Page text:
Not even the most fanatical Scottish supporter would pretend that the team played very well in securing the result that left them all but certain of qualifying for next year's European Championship finals. But Booth's performance, comprising much more than just his goal, was something to feel unequivocal about. Here was a forward of skill, awareness and mobility, less interested in glory-seeking than in how best he could apply these qualities to the wider cause of the team.
Since Craig Brown took over as Scotland manager two years ago, the question of who should play up front has never been resolved. Ally McCoist has missed almost all of the last two seasons with injury, while Duncan Ferguson has remained a problematic choice for reasons not wholly connected with football. John McGinlay, Duncan Shearer, Andy Walker, John Spencer, Eoin Jess and Darren Jackson have all had chances to lay permanent claim to a striking role, but as England beckons it is Booth, with four goals in eight internationals and one in each of his last three at Hampden Park, who has done most to move the debate on. Rather than "Who could Scott Booth play with?" the question now seems to be, "Who could play with Scott Booth?"
You will not hear this from the man himself. "I don't like to talk in terms of ideal partners," he said. "You can't allow yourself to think you're an automatic choice. Even at Aberdeen I fight for my place. The point about Scotland is there are no megastars, and that's all part of the togetherness. All I would say is that all the players I've played alongside have been fantastic."
The level-headedness that is a desirable component in any striker's make- up is something Booth has in abundance. And with his easy manner and air of a bright young careerist making his way in the world, it looks as if Scotland might have their own Gary Lineker in the making.
Asked which strikers he particularly admires, Booth offers Lineker's name first (ahead of McCoist and Dean Saunders). "I think what I liked about him was the inevitability that he would get on the end of a cross," Booth said. While that may not yet be true of Booth, he possesses a game which might have been modelled on Lineker's.
At 5ft 9in, Booth is a couple of inches shorter than Lineker, but shares his ability to lose his marker or pull defenders out of position to create space for team-mates. Both have an acute sense of where the opposition is vulnerable, relying on anticipation as much as aggression to get themselves goal-side. And both represent that rare combination of talent and diligence.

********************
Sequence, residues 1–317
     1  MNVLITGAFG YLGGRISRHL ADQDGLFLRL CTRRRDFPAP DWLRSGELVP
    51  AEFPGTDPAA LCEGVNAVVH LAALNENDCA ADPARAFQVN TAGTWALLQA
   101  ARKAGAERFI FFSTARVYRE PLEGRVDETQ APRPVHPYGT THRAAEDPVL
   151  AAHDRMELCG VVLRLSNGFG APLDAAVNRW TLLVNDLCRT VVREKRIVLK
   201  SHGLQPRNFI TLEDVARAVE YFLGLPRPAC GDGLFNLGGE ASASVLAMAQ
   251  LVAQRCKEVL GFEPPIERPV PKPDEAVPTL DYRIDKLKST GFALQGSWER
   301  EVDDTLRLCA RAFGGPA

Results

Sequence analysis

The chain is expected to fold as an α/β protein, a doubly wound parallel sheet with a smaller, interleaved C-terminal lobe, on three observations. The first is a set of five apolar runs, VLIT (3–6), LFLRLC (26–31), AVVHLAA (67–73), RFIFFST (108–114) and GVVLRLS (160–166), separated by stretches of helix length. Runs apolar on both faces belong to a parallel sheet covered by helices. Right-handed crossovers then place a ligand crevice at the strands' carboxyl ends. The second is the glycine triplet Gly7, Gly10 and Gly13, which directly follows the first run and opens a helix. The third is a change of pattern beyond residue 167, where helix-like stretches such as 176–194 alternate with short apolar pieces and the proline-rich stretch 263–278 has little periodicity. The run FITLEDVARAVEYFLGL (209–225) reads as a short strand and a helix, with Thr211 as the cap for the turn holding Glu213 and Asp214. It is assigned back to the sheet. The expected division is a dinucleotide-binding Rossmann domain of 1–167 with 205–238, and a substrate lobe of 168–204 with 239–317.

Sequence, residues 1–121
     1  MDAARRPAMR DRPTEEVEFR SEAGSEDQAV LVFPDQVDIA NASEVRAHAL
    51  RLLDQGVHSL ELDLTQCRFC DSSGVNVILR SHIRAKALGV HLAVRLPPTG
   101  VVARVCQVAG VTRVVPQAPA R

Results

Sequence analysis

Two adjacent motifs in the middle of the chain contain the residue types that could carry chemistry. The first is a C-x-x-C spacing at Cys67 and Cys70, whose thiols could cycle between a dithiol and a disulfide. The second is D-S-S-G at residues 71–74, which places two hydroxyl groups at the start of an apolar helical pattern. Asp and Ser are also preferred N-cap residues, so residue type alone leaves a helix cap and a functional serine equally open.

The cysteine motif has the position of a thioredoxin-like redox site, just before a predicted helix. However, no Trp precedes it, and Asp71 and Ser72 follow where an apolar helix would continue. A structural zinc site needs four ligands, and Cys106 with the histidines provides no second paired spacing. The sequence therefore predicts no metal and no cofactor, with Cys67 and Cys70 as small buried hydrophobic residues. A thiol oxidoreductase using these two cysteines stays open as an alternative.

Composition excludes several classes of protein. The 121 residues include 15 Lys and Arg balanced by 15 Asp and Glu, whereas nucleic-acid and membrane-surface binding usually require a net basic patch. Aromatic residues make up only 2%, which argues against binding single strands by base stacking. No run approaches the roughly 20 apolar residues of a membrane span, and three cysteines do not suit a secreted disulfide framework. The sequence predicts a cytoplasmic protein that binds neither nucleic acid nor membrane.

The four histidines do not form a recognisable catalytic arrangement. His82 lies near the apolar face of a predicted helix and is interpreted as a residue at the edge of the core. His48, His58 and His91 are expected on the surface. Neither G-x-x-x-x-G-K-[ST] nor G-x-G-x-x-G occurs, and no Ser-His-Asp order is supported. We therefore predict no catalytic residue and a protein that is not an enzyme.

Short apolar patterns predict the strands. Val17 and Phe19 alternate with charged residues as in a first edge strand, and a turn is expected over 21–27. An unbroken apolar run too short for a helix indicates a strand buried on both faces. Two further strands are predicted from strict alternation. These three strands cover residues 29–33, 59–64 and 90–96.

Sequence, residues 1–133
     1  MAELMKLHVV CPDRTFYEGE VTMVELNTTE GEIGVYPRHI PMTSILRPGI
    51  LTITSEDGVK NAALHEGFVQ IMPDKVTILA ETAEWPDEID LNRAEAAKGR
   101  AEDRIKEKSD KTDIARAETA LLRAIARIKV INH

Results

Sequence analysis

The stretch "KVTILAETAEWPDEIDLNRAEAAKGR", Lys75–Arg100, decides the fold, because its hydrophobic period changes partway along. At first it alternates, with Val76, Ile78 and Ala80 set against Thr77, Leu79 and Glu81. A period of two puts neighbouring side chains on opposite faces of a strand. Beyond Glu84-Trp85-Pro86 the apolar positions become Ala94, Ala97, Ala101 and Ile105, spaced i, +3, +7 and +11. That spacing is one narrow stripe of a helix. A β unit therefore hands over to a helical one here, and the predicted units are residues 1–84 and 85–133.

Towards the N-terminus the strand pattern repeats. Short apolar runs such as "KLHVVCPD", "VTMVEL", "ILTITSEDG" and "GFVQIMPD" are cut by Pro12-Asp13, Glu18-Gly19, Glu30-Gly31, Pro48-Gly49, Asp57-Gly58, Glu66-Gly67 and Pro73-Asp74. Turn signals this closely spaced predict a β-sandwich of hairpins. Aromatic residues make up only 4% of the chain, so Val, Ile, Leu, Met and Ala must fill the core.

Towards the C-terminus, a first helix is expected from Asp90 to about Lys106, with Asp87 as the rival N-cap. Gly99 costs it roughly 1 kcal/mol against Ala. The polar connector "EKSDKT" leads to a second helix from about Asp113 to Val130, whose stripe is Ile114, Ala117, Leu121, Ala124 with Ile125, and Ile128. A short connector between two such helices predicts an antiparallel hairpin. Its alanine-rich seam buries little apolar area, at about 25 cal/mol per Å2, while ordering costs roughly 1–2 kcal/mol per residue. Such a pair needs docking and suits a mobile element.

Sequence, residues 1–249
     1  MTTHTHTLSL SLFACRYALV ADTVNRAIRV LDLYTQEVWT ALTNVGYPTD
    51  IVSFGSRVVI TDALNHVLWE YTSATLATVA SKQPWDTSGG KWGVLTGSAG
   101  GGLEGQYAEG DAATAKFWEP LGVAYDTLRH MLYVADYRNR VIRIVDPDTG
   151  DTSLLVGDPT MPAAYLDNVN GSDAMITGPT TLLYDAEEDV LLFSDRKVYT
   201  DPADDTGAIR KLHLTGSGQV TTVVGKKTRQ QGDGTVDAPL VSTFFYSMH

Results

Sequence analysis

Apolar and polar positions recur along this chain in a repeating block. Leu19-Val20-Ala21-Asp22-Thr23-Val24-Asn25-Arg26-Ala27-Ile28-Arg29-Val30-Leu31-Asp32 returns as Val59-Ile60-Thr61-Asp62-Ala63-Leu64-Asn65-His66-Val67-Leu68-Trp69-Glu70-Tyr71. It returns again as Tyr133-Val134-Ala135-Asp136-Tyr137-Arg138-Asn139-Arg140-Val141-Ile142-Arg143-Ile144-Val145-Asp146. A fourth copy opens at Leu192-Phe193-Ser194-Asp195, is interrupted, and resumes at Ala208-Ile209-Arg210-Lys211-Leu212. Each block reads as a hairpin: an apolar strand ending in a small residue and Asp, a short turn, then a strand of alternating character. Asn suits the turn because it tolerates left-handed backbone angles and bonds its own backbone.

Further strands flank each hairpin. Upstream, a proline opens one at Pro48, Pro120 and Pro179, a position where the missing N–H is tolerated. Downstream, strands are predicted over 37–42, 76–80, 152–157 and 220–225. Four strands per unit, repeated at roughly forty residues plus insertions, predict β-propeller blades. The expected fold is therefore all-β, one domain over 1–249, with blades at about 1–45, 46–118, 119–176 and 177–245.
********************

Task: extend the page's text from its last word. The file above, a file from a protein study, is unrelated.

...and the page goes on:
Alex Smith was the manager of Aberdeen when the club took on Booth as a 16-year-old. "He was always going to be special," said Smith, now the manager of Clyde. "He worked very hard as a boy. Always seemed to know what he was about. He was quick, brave and strong, in the traditional way we've reared front players in Scotland. He was a natural in that position. He had split-second timing. There was nothing mechanical about him."
It was no surprise, then, that other clubs took an interest. A scout from Nottingham Forest spotted him and the next thing Booth knew he was sitting in Brian Clough's office. "The main thing I remember was being absolutely petrified," he said. "What he wanted to know was whether I had ambition. But I was still very young. I'd grown up in Aberdeen and I wasn't ready to leave."
A couple of years later Smith phoned Craig Brown, then assistant manager of Scotland and in charge of the under-21 team. Aberdeen under-18s were playing at Queen's Park, and there were two players, Smith told Brown, that he should watch - Stephen Wright, now a full-back at Rangers, and Booth.
That was when Booth took his first step towards international success. Now Brown talks of his speed, strength and eye for goal and says his ring- craft has improved. But against Finland, Brown says, he would have liked to see him take on defenders more in one-on-one situations.
Brown appreciates that Booth's reluctance to do that can be partly explained by the fact that he is still feeling his way back into the game after a groin injury sustained during the European Championship qualifier against Russia forced him to miss two-thirds of last season.
Booth had an operation in the summer - similar to a hernia, he says - and uncertainty about his fitness was not the least of the reasons why a move from Aberdeen did not materialise. Instead he signed a contract which will keep him at Pittodrie for another two years. Now, Brown says, he needs a couple of months of regular football to get back into perfect shape. After that, Booth may still be able to afford not to look when the crosses come over, but nobody else will.Reuse content